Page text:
Tanzania hydropower project a threat to heritage site

Friday April 28 2017

Animals in Selous game reserve, Tanzania. Picture: File

Animals in Selous game reserve, Tanzania. Picture: File 

By ERICK KABENDERA

The directive by the Tanzanian Controller and Auditor-General that the government revive a $2.6 billion Stiegler Gorge hydroelectricity project may harm one of East Africa’s largest protected areas.

The project, which is to be constructed in the Selous Game Reserve — a Unesco World Heritage Site — is projected to generate 2,100MW, but conservationists warn against developing it.

In his report tabled in parliament, the Controller and Auditor-General said the Rufiji Basin Development Authority (Rubada), which is managing the project, was facing an acute shortage of financial resources to execute the project and asked the government to intervene to save the project.

The project is located in the Rufiji catchment areas, the largest river basin in East Africa, covering 175,000 hectares and producing over 80 per cent of the country’s hydroelectricity. However, there are concerns that human activities are threatening water sources.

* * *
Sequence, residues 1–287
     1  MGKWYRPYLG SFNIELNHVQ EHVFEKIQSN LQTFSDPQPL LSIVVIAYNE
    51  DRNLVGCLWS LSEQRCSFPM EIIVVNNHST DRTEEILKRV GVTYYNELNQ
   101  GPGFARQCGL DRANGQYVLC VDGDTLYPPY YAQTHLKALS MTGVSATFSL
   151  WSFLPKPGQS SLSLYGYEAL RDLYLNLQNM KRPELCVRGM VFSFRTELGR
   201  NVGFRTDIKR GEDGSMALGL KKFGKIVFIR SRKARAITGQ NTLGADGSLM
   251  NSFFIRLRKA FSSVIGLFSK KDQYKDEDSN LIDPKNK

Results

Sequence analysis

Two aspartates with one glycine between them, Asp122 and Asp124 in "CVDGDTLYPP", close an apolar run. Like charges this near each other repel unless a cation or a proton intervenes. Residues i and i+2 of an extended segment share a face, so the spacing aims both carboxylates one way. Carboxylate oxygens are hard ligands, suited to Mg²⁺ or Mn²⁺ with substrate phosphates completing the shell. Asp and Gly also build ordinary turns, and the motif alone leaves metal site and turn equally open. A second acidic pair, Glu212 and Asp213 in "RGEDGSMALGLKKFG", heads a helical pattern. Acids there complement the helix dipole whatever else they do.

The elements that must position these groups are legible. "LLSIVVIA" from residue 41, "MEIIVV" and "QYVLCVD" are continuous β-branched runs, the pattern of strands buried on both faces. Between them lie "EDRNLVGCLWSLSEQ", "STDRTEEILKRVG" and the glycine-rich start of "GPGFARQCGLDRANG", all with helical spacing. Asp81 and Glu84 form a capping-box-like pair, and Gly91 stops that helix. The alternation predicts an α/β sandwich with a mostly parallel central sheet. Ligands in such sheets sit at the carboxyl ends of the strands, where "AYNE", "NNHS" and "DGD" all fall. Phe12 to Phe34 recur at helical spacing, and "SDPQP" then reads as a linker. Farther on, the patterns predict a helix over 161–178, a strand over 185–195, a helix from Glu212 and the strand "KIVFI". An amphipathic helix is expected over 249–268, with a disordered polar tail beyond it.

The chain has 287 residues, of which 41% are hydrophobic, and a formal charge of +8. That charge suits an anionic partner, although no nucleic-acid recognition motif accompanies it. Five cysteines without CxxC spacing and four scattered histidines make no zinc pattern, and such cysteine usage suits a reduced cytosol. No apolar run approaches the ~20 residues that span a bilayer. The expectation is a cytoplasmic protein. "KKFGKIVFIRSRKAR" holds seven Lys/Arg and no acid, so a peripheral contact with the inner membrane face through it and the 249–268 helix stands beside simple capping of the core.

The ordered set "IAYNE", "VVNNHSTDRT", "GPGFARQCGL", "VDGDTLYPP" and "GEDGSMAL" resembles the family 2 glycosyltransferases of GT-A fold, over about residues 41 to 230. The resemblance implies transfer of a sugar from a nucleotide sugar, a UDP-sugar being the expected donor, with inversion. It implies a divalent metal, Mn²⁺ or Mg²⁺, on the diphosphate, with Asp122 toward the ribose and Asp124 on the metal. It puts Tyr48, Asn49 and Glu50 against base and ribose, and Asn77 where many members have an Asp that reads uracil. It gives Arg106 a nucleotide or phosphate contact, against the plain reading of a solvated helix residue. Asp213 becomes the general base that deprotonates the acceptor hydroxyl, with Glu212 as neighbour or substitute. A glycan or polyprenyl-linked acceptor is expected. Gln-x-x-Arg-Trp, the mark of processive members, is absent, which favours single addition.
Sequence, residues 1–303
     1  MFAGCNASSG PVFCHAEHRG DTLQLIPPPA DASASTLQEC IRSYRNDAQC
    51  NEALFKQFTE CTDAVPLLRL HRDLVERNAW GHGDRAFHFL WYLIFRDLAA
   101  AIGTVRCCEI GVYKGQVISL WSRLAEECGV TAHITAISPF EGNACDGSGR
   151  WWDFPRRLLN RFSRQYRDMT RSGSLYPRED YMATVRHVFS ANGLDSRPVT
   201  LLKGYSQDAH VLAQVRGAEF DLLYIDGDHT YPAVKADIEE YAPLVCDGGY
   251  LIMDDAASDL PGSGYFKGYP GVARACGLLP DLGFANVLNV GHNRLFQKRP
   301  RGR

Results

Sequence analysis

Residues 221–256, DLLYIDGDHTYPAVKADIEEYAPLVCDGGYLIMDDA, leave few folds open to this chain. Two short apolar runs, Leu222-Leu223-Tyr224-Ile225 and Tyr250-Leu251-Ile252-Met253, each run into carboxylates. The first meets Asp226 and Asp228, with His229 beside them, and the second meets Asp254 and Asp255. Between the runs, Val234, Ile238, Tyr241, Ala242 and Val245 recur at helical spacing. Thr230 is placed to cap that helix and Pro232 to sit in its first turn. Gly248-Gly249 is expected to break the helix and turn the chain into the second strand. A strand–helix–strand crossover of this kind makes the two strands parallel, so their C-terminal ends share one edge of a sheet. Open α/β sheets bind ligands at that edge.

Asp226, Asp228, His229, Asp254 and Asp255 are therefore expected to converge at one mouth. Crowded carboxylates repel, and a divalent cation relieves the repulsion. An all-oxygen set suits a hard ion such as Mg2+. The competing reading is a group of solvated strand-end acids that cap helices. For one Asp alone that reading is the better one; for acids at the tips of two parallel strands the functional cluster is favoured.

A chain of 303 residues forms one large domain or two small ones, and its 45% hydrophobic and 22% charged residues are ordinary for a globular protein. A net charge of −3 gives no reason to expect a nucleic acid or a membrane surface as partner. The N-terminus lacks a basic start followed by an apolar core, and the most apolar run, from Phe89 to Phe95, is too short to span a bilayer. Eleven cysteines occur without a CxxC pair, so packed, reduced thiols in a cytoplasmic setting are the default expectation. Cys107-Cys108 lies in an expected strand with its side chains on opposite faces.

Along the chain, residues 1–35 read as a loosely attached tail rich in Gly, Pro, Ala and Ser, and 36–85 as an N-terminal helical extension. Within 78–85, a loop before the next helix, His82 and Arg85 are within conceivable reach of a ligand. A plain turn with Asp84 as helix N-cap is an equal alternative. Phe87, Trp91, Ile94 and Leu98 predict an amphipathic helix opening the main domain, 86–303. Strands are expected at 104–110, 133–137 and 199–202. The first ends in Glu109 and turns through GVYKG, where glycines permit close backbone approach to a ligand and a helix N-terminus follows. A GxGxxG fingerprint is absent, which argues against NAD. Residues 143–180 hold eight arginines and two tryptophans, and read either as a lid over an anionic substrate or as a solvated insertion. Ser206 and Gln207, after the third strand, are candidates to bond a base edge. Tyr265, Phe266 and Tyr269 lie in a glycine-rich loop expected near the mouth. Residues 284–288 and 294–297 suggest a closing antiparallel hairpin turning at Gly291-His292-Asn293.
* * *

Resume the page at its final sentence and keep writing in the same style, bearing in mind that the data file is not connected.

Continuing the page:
Mtera reservoir, which is the largest dam in the country and has an installed capacity of 80MW and the Kidatu power station, which has an installed capacity of 204MW, have been facing low water levels leading to massive power rationing.

A Tanzanian environmentalist and executive director of Lawyers Environmental Action Team (LEAT), Rugemeleza Nshala, told The EastAfrican that the government should suspend the project altogether because of concerns that it could cause harm to the environment.

A 2012 Unesco report noted that a dam at Stiegler’s Gorge, which is situated in the middle of Selous Game Reserve, would have a serious impact on its World Heritage status.
“The World Heritage Centre and IUCN consider that major dam projects are not appropriate developments inside natural World Heritage properties. The state party should reconsider this project in line with its commitments under the convention,” the report concludes.